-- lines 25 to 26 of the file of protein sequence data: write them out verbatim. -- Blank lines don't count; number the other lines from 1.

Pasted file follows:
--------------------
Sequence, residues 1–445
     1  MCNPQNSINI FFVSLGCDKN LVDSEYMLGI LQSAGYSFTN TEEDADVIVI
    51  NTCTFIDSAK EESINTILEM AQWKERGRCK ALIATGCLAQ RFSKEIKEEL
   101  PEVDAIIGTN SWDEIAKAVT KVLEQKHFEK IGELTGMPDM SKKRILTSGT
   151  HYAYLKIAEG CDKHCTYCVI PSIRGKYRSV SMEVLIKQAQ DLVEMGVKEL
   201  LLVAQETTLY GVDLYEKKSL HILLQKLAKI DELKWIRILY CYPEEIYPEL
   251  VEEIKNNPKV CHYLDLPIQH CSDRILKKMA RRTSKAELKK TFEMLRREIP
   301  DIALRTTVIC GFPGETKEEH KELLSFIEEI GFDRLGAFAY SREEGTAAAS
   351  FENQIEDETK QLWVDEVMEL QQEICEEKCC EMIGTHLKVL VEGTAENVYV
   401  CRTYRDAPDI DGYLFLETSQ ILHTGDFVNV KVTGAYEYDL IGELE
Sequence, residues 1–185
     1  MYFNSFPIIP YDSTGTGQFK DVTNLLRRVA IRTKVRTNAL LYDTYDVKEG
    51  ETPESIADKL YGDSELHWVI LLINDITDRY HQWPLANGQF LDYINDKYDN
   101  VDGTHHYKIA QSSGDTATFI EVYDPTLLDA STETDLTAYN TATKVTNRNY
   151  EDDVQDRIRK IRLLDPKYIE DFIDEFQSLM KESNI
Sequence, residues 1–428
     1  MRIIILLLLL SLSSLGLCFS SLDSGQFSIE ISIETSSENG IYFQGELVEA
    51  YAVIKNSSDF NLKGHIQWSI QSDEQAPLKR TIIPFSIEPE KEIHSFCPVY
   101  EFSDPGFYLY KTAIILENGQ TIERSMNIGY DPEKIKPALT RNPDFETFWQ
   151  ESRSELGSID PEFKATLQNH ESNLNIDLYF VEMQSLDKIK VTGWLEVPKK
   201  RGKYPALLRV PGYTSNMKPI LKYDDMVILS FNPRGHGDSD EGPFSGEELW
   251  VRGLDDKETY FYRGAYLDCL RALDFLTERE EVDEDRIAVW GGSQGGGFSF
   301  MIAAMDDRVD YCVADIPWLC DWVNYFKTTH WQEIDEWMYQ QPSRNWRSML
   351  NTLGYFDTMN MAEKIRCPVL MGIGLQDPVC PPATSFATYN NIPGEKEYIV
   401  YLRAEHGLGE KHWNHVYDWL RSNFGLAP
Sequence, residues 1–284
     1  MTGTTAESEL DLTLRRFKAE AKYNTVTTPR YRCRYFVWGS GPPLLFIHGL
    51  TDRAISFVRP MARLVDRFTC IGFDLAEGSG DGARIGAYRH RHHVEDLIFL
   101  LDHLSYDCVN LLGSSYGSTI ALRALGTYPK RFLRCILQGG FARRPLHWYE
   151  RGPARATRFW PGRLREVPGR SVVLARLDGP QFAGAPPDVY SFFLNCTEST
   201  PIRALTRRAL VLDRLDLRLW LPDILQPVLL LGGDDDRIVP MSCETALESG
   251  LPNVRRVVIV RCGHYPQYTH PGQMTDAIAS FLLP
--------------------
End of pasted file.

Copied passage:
   401  YLRAEHGLGE KHWNHVYDWL RSNFGLAP
Sequence, residues 1–284